William Hague’s interview with the Independent earlier this week was especially gloomy about Bosnia:

Mr Hague, who also had extensive meetings with political leaders in a visit to Bosnia last autumn, said he feared the tensions could deteriorate into something worse. He said: "In some form [Bosnia] could break down – this is a country being slowly pulled apart."

… the prospect of a crisis in Bosnia hampered efforts to expand EU membership to Croatia, Serbia and Turkey. "If that doesn’t work, there will be a hole in the heart of Europe of discontent, of people trafficking," he said. "People think the Balkans are what we debated in the 1990s and now we can forget about it. In fact, it’s a crucial area in foreign policy in the next five to 10 years and will get a lot of emphasis in the next Conservative administration."

Marcus Tanner followed up, trying to look at why Bosnia does not work:

the 1995 constitution was a mistake, enshrining Bosnia’s ethnic divisions, and in the most bizarre and unsatisfactory way. The two entities have not dissolved. On the contrary, the entities have grown arms and legs – the Serbian one in particular. Too late to do much about that now – we have to live with the consequences of Mr Holbrooke’s hasty deal.

In the meantime, while flatly ruling out the chances of anyone ever recognising a Bosnian Serb state – not even Belgrade seems interested in that eventuality – Europeans should stop dangling vague promises of yet more "intervention" in front of the permanently aggrieved Muslims. Bosnia will never be Switzerland. The country’s DNA won’t allow it.

Each of the three communities is pretty much outraged by the other two for a host of reasons that date back at least half a millennium, and each can quote chapter and verse on this their favourite subject to anyone they can prevail upon to listen. The best that we can hope for is a "Balkan Belgium" – an admittedly loveless arrangement, born out of geopolitical necessity and which staggers on, after a fashion.

And now a former British Ambassador to Sarajevo writes in with his thoughts:

Bosnia is a sulky donkey with three bickering heads, unimpressed by the EU’s remote carrots and unmoved by sharp smacks on its rump from successive High Representatives.

Hopeless? No. I’d go for a New Deal. A fast-track EU membership with visa-free travel for all Bosnians, in return for a new constitution. This would create three regions, each dominated by one community but with substantive responsibility for its own affairs, all with light but real central powers and a push to make Bosnia the least regulated economy in Europe. A fair, coherent structure which rewards responsibility and private initiative.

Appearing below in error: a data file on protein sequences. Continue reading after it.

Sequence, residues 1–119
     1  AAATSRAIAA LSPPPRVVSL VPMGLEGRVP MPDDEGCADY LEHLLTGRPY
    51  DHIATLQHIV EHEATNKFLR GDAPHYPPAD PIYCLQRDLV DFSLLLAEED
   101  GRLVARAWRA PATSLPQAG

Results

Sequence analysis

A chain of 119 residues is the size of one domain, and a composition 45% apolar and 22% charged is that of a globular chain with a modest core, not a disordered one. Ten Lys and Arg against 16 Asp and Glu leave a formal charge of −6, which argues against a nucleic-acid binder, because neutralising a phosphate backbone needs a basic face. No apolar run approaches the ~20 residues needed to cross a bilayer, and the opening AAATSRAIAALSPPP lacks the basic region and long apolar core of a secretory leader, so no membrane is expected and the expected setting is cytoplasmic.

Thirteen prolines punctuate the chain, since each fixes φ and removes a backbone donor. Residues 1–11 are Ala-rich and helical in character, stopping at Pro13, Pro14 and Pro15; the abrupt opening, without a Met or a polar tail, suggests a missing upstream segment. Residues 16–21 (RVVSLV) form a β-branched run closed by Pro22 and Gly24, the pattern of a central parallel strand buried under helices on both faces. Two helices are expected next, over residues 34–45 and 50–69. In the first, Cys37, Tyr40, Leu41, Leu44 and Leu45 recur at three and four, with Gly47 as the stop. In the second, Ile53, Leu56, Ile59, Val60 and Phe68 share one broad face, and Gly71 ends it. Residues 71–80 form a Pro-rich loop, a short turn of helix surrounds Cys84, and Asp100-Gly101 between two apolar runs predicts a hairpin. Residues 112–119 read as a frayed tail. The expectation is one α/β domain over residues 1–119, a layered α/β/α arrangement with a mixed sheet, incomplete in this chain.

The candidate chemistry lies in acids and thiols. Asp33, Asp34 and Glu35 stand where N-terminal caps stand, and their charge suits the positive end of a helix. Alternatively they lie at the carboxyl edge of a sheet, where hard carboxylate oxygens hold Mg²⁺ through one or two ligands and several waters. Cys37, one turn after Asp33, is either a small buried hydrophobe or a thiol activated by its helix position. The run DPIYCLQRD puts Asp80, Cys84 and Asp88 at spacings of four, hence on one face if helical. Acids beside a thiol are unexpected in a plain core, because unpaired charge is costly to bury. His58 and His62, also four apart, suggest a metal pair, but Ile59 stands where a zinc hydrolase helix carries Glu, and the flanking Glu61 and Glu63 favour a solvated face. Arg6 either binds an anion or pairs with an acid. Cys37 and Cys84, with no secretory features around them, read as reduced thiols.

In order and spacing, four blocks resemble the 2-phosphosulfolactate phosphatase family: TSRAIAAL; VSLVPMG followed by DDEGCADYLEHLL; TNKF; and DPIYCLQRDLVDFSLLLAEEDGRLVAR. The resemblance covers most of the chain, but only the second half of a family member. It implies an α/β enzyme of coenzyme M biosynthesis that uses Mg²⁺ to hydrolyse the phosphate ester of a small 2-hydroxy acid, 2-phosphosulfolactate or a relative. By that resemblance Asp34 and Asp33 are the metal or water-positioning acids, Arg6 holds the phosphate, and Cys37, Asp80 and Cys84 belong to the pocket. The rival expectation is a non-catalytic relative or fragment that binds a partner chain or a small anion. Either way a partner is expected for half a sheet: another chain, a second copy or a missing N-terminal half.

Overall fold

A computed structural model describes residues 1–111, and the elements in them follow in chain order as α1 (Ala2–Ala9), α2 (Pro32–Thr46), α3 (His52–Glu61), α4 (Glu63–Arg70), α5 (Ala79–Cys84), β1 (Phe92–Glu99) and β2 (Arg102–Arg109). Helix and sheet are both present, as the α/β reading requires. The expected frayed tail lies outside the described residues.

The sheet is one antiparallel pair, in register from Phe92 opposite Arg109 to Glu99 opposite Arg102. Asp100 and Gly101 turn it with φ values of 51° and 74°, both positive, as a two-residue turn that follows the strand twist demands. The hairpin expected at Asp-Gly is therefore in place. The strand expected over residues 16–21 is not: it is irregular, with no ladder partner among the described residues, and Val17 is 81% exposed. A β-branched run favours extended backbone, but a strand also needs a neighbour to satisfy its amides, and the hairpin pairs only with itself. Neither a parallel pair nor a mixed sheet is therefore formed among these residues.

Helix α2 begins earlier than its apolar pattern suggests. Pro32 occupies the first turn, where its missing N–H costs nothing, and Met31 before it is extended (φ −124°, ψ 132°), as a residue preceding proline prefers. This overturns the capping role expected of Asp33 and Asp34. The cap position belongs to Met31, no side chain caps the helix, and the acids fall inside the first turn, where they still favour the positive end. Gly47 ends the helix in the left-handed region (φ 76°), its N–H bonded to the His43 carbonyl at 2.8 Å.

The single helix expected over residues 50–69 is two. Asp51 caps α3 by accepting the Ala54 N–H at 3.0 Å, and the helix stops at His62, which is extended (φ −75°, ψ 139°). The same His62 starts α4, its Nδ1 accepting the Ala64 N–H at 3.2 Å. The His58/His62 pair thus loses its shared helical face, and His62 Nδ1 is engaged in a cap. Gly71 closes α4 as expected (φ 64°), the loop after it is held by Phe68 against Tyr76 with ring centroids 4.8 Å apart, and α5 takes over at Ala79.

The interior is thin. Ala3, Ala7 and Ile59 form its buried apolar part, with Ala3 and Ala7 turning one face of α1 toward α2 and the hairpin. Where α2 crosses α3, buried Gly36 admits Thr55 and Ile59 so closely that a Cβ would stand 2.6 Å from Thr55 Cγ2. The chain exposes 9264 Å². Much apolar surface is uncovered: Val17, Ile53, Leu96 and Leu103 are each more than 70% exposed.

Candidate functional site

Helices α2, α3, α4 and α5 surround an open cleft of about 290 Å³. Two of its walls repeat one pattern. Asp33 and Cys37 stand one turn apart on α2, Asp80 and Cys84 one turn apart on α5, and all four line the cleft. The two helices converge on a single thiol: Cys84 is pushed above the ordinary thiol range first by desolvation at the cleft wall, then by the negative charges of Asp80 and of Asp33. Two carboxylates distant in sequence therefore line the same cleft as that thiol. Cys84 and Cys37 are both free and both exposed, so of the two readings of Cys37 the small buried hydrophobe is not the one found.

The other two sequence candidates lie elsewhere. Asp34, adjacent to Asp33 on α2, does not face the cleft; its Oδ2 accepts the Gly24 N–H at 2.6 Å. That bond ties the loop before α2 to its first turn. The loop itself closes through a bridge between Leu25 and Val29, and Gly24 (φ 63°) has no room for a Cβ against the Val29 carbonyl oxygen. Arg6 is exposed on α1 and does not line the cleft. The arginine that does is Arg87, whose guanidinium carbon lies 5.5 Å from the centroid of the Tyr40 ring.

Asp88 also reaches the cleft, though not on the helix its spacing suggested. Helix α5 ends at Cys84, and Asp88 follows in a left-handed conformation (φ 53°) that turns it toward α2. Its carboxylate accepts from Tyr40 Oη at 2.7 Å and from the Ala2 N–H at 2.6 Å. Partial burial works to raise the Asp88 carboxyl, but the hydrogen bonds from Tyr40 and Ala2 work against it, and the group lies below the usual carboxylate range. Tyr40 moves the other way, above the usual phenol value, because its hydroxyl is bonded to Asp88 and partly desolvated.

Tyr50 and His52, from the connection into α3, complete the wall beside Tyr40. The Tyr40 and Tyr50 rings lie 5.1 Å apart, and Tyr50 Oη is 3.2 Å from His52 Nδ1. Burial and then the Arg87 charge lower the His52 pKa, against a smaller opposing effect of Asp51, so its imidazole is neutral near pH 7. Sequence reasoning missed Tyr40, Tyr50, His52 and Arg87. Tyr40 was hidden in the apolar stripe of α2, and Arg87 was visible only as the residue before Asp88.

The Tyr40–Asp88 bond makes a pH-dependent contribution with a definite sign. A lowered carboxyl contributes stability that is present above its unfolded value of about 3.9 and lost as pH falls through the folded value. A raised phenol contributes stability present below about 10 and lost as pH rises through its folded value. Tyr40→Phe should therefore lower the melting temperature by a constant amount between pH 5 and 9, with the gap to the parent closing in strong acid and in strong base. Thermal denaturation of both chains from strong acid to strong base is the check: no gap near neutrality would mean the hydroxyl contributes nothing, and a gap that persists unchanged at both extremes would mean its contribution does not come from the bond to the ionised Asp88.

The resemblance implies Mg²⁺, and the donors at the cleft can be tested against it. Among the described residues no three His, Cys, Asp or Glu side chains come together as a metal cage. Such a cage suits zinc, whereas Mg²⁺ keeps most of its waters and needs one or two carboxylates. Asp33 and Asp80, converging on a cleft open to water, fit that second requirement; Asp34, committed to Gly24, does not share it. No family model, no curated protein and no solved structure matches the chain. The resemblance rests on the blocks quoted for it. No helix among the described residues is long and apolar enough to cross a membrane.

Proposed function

Alas, to reach there things will have to get notably worse, to bring all concerned in Bosnia and Brussels to agree that, finally, there is no alternative. A future Foreign Secretary will need strong nerves.

Bosnia is, of course, a remarkable example of diplomatic action for all sorts of reasons. It is a small country whose population is half the size of London’s, in Europe, literate and so on. If we can’t fix that, what can we fix?

Bosnia shows how if the foundations of policy are illogical and incoherent, the results will be so too, far into the future.

And it reminds us that having launched an unsatisfactory project the ‘international community’ then must not be surprised when it takes on new exotic life-forms of its own which, by virtue of being in some way ‘organic’ and legitimised over time are damn difficult to change later without serious breakdown.

My ideas, such as they are, are to give Bosnia a constitution which roughly corresponds to reality and is coherent in itself, something the current one concocted in huge haste at Dayton to help B Clinton get re-elected is not.

The main problem with a sort of ‘three Entity’ arrangement is that the largest group (Bosniacs/Muslims) hanker after a ‘one Entity’ outcome, which necessarily suits them as the largest group.

But that, I think, is not now achievable, or fair. In part because the Bosniacs themselves have refused to contemplate ‘ethnic disarmament’.

Former President Izetbegovic put this to me in so many words: "we won’t accept ethnic disarmament for fifty years". His argument was that the Bosniacs at some two million people had to build their strength for many years to come, as they were surrounded by some 15 million dangerous Serbs and Croats.

So be it. By insisting on maintaining their ethnic weapon stockpiles, maybe for plausible reasons, the Bosniacs now will do well to be part of a BH that actually works and starts to get richer, which means a BH rearranged to function sensibly.

But someone will have to do very heavy lifting to achieve anything like that, when attentions are on even more ghastly problems further East…